# class variables can also be accessed using class name 

T2 (1p) Override the method say_hi to show the grade as well.

  • Hint: You can define (override) the method in the Student class and re-use the method defined in the parent class

T3 (1p) Polymorphism represents a key principle of OOP. To understand this principle, create a list that contains multiple objects of class Person and Student. For each of the elements print the name using the method say_hi. Is there any difference between the two types of objects when we use them in the main program?

Aggregation. Composition
  • Composition is a way of attaching objects to other objects. In this case, the object declared as an attribute to the parent object belongs exclusively to the parent object.
  • If the link between two objects is weaker, and neither object has exclusive ownership of the other, it is called aggregation.

Relationships like this can be one-to-one, one-to-many or many-to-many, and they can be unidirectional or bidirectional.

# import this module
import datetime
# add the following methods to the Student class:
def add_course_grade(self, course_grade):
    # course_grade is an object attached by composition 
def compute_gpa(self):
    self.grade = sum([course_grade.grade for course_grade in self.course_grades])/len(self.course_grades)
# define a new class to contain the grade for a course
class CourseGrade():
    # init method or constructor
    def __init__(self, course_id, grade, date):
        self.course_id = course_id
        self.grade = grade = date
        self.date_changed = date
    # sample method
    def change_grade(self, grade, date):
        print("grade changed from: ", self.grade, " to: ", grade, " at: ", date)
        self.grade = grade
        self.date_changed = date
student = Student('John')
course_grade = CourseGrade('EWIS', 9,, 3, 30))
course_grade.change_grade(10,, 3, 31))

Complex class hierarchies can become hard to understand. Sometimes we can replace inheritance with composition and achieve a similar result – this principle is called Composition over inheritance and can make the code easier to understand and maintain.

T3 (1p) Add the two methods (add_course_grade, compute_gpa) to the Student class

T4 (1p) Examine the code. How are the objects student and course_grade related? (aggregation vs composition)

Web Scraping in Python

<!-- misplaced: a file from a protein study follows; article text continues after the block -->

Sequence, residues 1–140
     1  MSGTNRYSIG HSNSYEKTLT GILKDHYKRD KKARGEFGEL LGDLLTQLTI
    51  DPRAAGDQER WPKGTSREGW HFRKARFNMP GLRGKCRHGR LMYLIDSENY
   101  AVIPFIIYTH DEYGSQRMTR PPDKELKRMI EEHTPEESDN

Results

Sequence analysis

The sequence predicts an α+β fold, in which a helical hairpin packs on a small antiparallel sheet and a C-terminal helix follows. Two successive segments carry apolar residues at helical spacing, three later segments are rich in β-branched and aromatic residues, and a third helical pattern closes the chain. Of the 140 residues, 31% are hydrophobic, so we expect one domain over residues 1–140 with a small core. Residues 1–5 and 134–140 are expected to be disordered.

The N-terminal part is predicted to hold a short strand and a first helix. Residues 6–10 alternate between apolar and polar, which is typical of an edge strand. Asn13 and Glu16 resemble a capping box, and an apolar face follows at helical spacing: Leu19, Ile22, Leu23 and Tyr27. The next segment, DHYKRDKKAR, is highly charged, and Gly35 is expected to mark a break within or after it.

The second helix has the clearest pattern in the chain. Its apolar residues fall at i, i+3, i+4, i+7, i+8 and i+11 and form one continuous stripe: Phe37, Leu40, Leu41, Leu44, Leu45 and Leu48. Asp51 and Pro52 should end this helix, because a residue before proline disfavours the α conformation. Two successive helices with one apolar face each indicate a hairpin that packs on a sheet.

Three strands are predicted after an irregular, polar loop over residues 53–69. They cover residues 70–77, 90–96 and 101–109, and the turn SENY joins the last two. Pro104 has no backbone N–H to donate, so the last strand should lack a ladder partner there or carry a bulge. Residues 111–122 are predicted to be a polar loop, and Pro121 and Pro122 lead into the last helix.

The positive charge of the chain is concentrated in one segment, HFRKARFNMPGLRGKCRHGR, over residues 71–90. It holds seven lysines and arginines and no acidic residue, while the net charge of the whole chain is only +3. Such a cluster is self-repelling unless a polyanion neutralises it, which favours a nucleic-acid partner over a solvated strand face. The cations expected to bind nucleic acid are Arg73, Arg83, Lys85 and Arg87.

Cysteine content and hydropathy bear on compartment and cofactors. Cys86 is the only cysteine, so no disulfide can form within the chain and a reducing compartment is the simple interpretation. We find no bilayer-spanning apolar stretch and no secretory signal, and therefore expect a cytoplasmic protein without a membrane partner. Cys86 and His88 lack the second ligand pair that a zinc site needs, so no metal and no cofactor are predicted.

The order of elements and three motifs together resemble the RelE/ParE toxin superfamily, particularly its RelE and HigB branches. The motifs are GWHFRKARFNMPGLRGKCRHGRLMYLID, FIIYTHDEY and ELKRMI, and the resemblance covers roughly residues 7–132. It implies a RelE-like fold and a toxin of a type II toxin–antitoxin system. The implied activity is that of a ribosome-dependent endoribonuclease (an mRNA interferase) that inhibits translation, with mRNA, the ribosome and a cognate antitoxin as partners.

The HyperText Markup Language (HTML) is the standard markup language for documents designed to be displayed in a web browser. HTML describes the structure of a web page semantically and originally included cues for the appearance of the document. HTML elements are delineated by tags, written using angle brackets. Tags such as <img /> and <input /> directly introduce content into the page. Other tags such as <p> and <div> surround and provide information about document text and may include other tags as sub-elements. Browsers do not display the HTML tags, but use them to interpret the content of the page.

You can find tutorials on HTML here.

Here is a simple web page. Try to create an .html file, add the content as text and open with a web browser.

<!DOCTYPE html>
<title>Page Title</title>
<h1>This is a Heading</h1>
<p>This is a paragraph.</p>

Usually, the data can be found right inside the HTML tags as it's rendered by the browser. Web scraping is the process of extracting data from web pages and involves using the HTTP protocol to fetch the page and then extracting the content from the HTML.

Some websites do not allow web scraping and may use several methods to prevent “unauthorized” access. This is why you can find captchas such as “I am not a robot” to check that the web client is a real user and not an automated script.

Note: It is not advised to do web scraping on google search engine!

However, web scraping is not an easy job that works the same for each website, as it requires to know the structure of each web page to be able to extract the required data.

In this example, we will use a sample website designed for testing web scraping programs. The main objective is to extract the items from the e-commerce website into a more useful representation for data processing (e.g. a list of objects).

We will need the lxml package that can be installed via Python package manager:

py -3 -m pip install lxml

Here is the code for fetching the webpage content into a HTML file:

import requests
# url to scrape data from
url = ''
print("fetching page")
# get response object
response = requests.get(url)
# get byte string
byte_data = response.content
# get html source code
html_data = byte_data.decode("utf-8")
print("writing file")
with open("index.html", "w", encoding="utf-8") as f:

The Python script makes an HTTP request to retrieve the web page from the server. You can find more about HTTP requests here.

To parse the HTML file (separating the different tags in the HTML), we use the etree module from lxml Here is the code for extracting the items from the webpage:

from lxml import etree
filename = "index.html"
parser = etree.HTMLParser()
tree = etree.parse(filename)
tags = [[elem.tag, elem.attrib, elem.text] for elem in tree.iter()]
for tag in tags:

Here you can find the description of the Element class that we use in the example to extract details for each HTML tag (e.g. tag, attributes, text)

T5 (2p) Examine the downloaded HTML file. Extract the laptop names into a text file.

  • Hint: filter the extracted tags by tag and attribute
  • which combination of tag and attribute brings us to the data that we want to extract (laptop names)

T6 (2p) Examine the downloaded HTML file. Extract the laptop names and prices into a CSV file.

  • Hint: filter the extracted tags by tag and attribute
  • which combination of tag and attribute brings us to the data that we want to extract (laptop names, prices)